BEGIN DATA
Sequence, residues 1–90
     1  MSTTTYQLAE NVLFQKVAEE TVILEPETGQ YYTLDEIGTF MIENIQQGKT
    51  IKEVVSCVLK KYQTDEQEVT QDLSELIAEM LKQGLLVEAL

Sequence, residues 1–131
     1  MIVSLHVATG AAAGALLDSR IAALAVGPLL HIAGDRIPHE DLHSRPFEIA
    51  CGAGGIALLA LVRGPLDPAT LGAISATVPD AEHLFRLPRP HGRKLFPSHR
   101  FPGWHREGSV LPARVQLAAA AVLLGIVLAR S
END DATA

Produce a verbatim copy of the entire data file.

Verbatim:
Sequence, residues 1–90
     1  MSTTTYQLAE NVLFQKVAEE TVILEPETGQ YYTLDEIGTF MIENIQQGKT
    51  IKEVVSCVLK KYQTDEQEVT QDLSELIAEM LKQGLLVEAL

Sequence, residues 1–131
     1  MIVSLHVATG AAAGALLDSR IAALAVGPLL HIAGDRIPHE DLHSRPFEIA
    51  CGAGGIALLA LVRGPLDPAT LGAISATVPD AEHLFRLPRP HGRKLFPSHR
   101  FPGWHREGSV LPARVQLAAA AVLLGIVLAR S